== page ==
This spin-off of the Harry Potter series, set in New York in the 1920s, takes some aspects of JK Rowling’s ‘wizarding world’ and places them in a new context, with a focus on adult characters. It is the first in what will be a five-film franchise and is directed by David Yates, who directed the final four entries in the Harry Potter series, and who has been confirmed as the director for all four sequels to this opening chapter. Fantastic Beasts and Where to Find Them is based on the book of the same name, which Rowling wrote as a side note to her Potter series, and sees the author make her debut as a screenwriter.
It tells the story of Newt Scamander (Eddie Redmayne) who, on a trip to New York, accidentally releases a number of magical creatures into the neighbourhood. This is particularly unfortunate because MACUSA (Magic Congress of the United States of America) is struggling to keep the existence of magic secret from the “No-Majs” (those unpossessed of magical ability, or ”muggles”, to us Brits), with whom the wizarding world has had a strained relationship in the past. This setup forms the basis of most of the film’s narrative, although the actual focus of the plot is elsewhere, and will lead into the sequels.
Initially the film’s lack of focus is distracting. Newt’s efforts to subdue his creatures are fitfully entertaining, but because the film keeps cutting away to other plot strands and introducing new characters, the first half feels rambling and struggles to hold the interest. As the plot moves on a sense of momentum begins to emerge, which is a relief, and the final act is surer of foot as a result – there’s even genuine emotion in the final movement, which I had not expected. There are bits of the narrative which feel a little rushed because the film is attempting to fit so much in, but by the end we get a pretty good sense of how the US’ relationship with magic differs from that of the UK.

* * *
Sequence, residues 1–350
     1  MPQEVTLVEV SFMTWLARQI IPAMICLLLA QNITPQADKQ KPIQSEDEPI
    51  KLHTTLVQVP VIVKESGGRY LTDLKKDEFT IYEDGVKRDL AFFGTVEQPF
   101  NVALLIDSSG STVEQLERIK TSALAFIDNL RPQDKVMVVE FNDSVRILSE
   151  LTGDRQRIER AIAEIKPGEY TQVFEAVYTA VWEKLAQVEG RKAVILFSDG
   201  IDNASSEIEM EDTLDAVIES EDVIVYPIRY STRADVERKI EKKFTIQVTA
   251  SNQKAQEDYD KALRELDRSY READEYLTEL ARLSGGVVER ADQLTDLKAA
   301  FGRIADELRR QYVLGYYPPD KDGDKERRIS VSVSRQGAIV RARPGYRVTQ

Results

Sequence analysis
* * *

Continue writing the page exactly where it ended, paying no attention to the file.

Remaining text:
There’s a subplot involving a group of magic-hating extremists led by Samantha Morton’s unnerving Mary Lou Barebone, although the significance of this group is only fleetingly addressed, to the point that one major plot point in particular feels oddly incidental. But what the film sometimes lacks in structure and plotting, it makes up for in charm and energy. Redmayne gives an endearing performance as Newt, his collection of nervy ticks moving quickly from weird to charming. The supporting cast makes the weaker scenes play better than they might have done, in particular Dan Fogler as Jacob Kowalski, the No-Maj caught up in Newt’s actions, who brings welcome warmth to his scenes.
Rowling and Yates build and inhabit the world of 1920s New York convincingly, and crucially make this feel like the same world as, albeit slightly removed from, the one we’ve read about and watched for many years. But the film lacks real heart to match its world building. Newt is a charming but mostly one-note protagonist, who hopefully will be fleshed out in the next film, and the same applies to Tina, a MACUSA employee who first arrests and then befriends Newt. The villainous element of the plot is also thin, and an unintentionally amusing reveal at the end fails to drum up the interest it’s hoping for.
There’s strong effects work on the numerous critters in the film, in particular a kleptomaniac marsupial ‘Niffler’ with a penchant for nicking shiny goods, and even though most of the action sequences feel incidental as regards the plot, they provide enough energy to be fun. Technically the film is as adept as we’d expect from the later Potter films, with a sweeping (if slightly overwrought) soundtrack and a strong sense of place.
Fantastic Beasts is a solid if unspectacular introduction to a new franchise. The next entry would benefit from a tighter plot, better paci ng and more focus on character. But whether for die-hard fans of the series, who will be going to see this whatever, or those with a more casual interest, it’s worth a viewing.